I have owned many vehicles over the years but this will likely be my last Ford because of the sheer lunacy of their design. Replacing the core is easy, getting to … it is a day's work. Someone has told me that it could be the heater core control valve but i cant see it or i dont know where it is. Harbor freight does have one that scans a live reading of engine sensors for 79. There are two hoses going through the firewall to the heater core.
When removing hoses make sure to mark the hoses which goes on top for proper replacement. It is likely stuck closed if the engine is hot but the lower radiator hose is cool. Coolant will still leak out of it while the engine is running. So Im considering buying one to check this out. The heater core is difficult to change on the Ford trucks. This door controls the air flow through the heater core and failure is common on Ford trucks. Replacing the core is easy, getting to it is a day's work.
But I was thinking maybe its the water pump the propellers might be worn off and its not generating enough pressure to get through the cores strong. I did end up calling them. And why I was turning the temp knob I could see it opening and closing. The engine of your truck is busy circulating water and coolant and, as it does, it passes water over the heater core, allowing your passenger cabin to become warm. The heater core is essentially a miniature radiator that fits underneath your Ford Expedition's dashboard. That is just insane what they charge.
Than they wanted to change the actuator doesn't the actuator just control the blend door? Ford Expedition Replacement Heater Core Information A heater core is a central element of a car's heating system and you will certainly notice if you are having problems with yours. After you remove that then you need to remove the Plenum Assembly. This will prove fatal in sufficient quantities. Sorry for the long post, but this is just getting annoying on my end and want to make sure I get to the bottom of this. Is doesn't seem like your engine is overheating. All you may have is a bad hose and that can easily be replaced.
If you take to dealer be prepared to spend between 900-1200 dollars. For diagnostic information on how to check the operation of the blend door and a cheap easy fix, check the heatertreater listing on Ebay or the web site at heatertreater. It's not the water pump or the engine would overheat or the pump would be leaking coolant. Replacing the core is easy, getting to it is a day's work. Not for the faint of heart! Be careful when checking your coolant level it is a pressurized system.
I did my own and it took a good 5 hours to remove and replace everything. If you have a pool of coolant on the floor, you'll have to go after the core. Temperature blend door half open or closed will cause a low heat condition. Just about every vehicle is difficult to do a heater core although some are easier than others depending on your mechanical ability. With its waffle design, our heater core replacement for Ford Expedition keeps your defroster working through whatever conditions your encounter.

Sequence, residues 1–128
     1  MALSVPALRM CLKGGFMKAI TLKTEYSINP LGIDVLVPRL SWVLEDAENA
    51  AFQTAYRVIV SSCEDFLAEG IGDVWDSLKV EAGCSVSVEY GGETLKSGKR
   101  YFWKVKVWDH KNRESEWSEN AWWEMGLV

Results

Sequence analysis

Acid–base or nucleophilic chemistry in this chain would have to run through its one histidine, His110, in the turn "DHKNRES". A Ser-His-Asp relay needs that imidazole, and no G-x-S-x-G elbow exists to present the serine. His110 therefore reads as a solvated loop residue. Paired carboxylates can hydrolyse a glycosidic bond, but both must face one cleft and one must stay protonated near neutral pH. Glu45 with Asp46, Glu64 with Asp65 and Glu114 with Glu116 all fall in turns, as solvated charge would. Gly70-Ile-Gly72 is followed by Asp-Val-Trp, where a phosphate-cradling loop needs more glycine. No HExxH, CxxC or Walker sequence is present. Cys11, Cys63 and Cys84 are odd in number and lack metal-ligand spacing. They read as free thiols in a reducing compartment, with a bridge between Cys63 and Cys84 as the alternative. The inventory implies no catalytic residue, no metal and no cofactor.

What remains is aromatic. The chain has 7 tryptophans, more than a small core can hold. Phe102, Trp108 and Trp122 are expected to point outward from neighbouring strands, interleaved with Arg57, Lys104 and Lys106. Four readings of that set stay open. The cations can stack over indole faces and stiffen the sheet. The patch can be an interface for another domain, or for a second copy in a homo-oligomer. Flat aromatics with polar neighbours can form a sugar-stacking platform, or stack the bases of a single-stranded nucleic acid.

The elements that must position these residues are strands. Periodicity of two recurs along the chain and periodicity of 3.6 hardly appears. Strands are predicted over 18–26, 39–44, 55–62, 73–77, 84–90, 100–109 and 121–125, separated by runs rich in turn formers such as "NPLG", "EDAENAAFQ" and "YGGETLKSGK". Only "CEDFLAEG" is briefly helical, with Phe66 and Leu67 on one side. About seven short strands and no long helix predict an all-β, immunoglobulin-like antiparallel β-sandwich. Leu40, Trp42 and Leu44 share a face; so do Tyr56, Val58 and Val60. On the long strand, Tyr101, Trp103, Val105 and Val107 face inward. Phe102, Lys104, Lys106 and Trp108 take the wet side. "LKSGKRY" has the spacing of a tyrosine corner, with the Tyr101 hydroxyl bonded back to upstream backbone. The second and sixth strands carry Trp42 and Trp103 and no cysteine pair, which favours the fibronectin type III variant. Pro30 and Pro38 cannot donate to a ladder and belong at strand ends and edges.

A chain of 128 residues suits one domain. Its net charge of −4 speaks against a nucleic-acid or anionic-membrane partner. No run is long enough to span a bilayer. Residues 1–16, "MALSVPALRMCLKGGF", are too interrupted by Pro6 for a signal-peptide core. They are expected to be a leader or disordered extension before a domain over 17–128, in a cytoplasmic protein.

It is almost above the transmission tunnel and… A lot of people assume that the problem is the heater core. Anyone ever attempted their own? When the engine is warm, have someone rev the engine in park up to 2,000rpm and hold it there then check the t fitting again to see if the temperature changes. Its starting to snow here so want to get something done. Feb 11, 2015 You will have to change it out! Feb 12, 2010 an expedition has a heater control valve, being from california the heat rarely got turned on so the coolant just sat in the core, expeditions are prone to plugging up heater cores anyway and this would be my guess as to what has happened. Thanks for any input Here is a list of components that can cause low heat output: A wrong temp rated thermostat will open too soon will cause low heat output I know you just replaced it.
It will show you how difficult and amount of work. One day to disassemble and the next day to assemble. Have the blower on hot and blowing to see if the temperature of heat blowing out the vents is hotter with revving. Heres what Ive done and verified: -Had the cooling system flushed and had both heater cores back flushed-good flow through the cores. The HeaterTreater alternative will solve the problem at a fraction of the cost and work and is well within the capability of the average shade tree mechanic. Im having a tough time locating someone who has a scan tool of any type that can live monitor the coolant temp sensor so I can know whats actually going on. You may want to go to a car parts store, or book store, and get a repair manual for your car.
They have it buried in the plenum box and you have to remove the steering wheel, steering column, dash, evacuate the refrigerant system, drain the radiator, and remove the plenum box to get to the core. They are all usually in the dash which usually requires it being removed, some are accessible through the glove compartment. The HeaterTreater alternative will solve the problem at a fraction of the cost and work and is well within the capability of the average shade tree mechanic. Most vehicles you can barely even grab onto the hoses without having to let get go right away. The Expedition is particularly difficult to get to. This is not an easy job believe me about-900-1200 job. The more you provide makes it easier for those that try to help you It also may be better for you to start a new thread for your problem.
However, this project is done with great difficulty. I live in Florida so I am simply going to bypass the heater core altogether. The valve is usually vacuum-controlled, which is operated by controls on the dash. Air stuck in the heater core will cause a low heat issue. I have found the heater core lines but cant see the valve.